In 1963, Bad Friday, or the Coral Gardens massacre, saw the death of an estimated 150 Rastafarians at the hands of Jamaican police and military forces. All we knew here was God. Believe in God,’” says Blair. Then there’s these men telling you they believe in Haile Selassie. My parents used to say: Rasta man have black heart.’ They were scared of him.”

Which is why, for many older Jamaicans, ital comes with a hangover of prejudice. In a city where jerk-anything and rice tends to be the order of the day, coconut bowls stuffed with mini-buffets of colour and texture – gooey and chewy sweet plantains join soothing daals, nutty black rice and zingy salads – should be welcome. But for many it is at once alien and also strangely exclusive. Vegetables are expensive here at times,” says Blair. We don’t grow things in greenhouses, so it depends on how the weather treats us.” Plus, of course, there are those same old accusations that come with any kind of plant-based diet: People say it’s tasteless, that it lacks nutrients.”

But for younger Jamaicans ital has the allure of forbidden fruit. Blair talks about Damian Marley – son of Bob and poster-boy for international next-gen Rastas – with misty-eyed affection. He was everything to us growing up,” he explains. He sang about herbs and different stuff to eat. And you’d want to look up all these words. If he sang about spirulina [a blue-green algae favoured by vegans], we wanted to know what that was.” So, for Blair and many of his peers, this was the giddy route into veganism. A couple of us from school took up this path of not eating meat. But it would be more like: Yo, I’m not gonna eat meat for a week.’”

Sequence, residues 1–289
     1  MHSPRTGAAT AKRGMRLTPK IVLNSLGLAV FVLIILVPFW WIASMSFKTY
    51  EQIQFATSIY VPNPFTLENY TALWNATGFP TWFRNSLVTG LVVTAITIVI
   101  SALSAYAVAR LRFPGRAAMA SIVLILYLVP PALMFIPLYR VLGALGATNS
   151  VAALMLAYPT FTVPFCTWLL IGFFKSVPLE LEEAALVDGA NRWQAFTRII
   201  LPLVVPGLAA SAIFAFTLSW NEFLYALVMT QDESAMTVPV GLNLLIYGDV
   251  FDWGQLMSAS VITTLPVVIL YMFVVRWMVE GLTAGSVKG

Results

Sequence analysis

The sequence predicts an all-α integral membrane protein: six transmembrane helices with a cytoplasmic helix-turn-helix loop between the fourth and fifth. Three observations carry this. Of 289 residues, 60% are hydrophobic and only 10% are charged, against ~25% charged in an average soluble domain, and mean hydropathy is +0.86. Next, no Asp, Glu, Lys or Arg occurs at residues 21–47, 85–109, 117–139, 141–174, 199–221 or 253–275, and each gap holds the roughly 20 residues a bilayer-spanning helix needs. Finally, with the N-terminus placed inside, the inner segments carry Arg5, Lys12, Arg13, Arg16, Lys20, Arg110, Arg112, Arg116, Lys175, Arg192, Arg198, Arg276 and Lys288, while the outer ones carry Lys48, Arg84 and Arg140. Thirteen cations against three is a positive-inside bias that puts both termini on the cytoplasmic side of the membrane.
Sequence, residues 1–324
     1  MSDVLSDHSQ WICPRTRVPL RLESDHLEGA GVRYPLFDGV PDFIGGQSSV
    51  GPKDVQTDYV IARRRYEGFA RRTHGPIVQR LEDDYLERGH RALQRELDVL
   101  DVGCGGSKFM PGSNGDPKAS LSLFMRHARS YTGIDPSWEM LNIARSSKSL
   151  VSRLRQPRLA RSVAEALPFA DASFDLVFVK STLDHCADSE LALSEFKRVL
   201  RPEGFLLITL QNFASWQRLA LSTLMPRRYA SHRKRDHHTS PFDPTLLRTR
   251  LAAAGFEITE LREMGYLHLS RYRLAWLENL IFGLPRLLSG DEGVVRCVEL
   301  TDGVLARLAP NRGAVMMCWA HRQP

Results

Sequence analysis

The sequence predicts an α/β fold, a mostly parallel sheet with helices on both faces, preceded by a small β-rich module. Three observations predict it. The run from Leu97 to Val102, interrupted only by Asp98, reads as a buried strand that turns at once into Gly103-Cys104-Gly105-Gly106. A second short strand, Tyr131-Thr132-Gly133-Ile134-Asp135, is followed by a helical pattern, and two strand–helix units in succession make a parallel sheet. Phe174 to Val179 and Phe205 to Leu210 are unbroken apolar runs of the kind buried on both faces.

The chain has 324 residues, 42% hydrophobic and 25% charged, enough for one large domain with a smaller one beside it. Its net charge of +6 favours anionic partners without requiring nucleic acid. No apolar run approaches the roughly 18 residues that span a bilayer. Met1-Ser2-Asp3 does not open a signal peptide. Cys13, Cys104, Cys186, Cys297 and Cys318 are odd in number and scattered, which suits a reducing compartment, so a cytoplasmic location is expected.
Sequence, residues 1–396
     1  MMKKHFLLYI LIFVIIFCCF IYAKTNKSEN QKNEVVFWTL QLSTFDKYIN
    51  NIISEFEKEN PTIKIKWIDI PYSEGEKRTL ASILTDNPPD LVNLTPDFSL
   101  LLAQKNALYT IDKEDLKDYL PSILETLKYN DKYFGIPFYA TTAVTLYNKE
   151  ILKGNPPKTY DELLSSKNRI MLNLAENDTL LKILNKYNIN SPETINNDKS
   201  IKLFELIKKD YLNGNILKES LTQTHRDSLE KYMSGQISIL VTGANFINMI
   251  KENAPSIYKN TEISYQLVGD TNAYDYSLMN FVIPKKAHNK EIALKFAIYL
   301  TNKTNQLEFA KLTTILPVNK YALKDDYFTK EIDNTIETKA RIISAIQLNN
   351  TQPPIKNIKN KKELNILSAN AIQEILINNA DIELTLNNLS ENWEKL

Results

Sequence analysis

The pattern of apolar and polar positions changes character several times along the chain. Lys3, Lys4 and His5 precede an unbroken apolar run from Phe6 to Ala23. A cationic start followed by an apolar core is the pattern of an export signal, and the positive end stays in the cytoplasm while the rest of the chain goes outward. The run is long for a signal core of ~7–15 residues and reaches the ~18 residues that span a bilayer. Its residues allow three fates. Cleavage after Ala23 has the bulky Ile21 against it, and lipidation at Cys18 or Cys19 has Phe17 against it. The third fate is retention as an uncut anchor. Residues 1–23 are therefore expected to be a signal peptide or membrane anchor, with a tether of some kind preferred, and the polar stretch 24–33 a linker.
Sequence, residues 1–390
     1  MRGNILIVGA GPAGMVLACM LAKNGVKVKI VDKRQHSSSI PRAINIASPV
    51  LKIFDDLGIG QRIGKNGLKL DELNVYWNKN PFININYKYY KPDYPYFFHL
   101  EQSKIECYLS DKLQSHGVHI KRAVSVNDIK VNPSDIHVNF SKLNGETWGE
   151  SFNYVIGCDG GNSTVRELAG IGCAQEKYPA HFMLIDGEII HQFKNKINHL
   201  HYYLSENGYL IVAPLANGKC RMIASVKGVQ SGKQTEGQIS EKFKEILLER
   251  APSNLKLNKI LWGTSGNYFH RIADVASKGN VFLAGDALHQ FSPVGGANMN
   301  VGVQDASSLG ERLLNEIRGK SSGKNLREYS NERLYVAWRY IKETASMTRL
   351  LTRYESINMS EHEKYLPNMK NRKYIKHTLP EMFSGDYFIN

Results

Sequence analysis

• If Damian Marley sang about spirulina, we wanted to know what that was.”  If Damian Marley sang about spirulina, we wanted to know what that was.”  If Damian Marley sang about spirulina, we wanted to know what that was.”  If Damian Marley sang about spirulina, we wanted to know what that was.”  If Damian Marley sang about spirulina, we wanted to know what that was.”  If Damian Marley sang about spirulina, we wanted to know what that was.”  If Damian Marley sang about spirulina, we wanted to know what that was.”  If Damian Marley sang about spirulina, we wanted to know what that was.”  If Damian Marley sang about spirulina, we wanted to know what that was.”  If Damian Marley sang about spirulina, we wanted to know what that was.”  If Damian Marley sang about spirulina, we wanted to know what that was.”  If Damian Marley sang about spirulina, we wanted to know what that was.”  If Damian Marley sang about spirulina, we wanted to know what that was.”  If Damian Marley sang about spirulina, we wanted to know what that was.”  If Damian Marley sang about spirulina, we wanted to know what that was.”  If Damian Marley sang about spirulina, we wanted to know what that was.”  If Damian Marley sang about spirulina, we wanted to know what that was.”  If Damian Marley sang about spirulina, we wanted to know what that was.”  If Damian Marley sang about spirulina, we wanted to know what that was.”  If Damian Marley sang about spirulina, we wanted to know what that was.”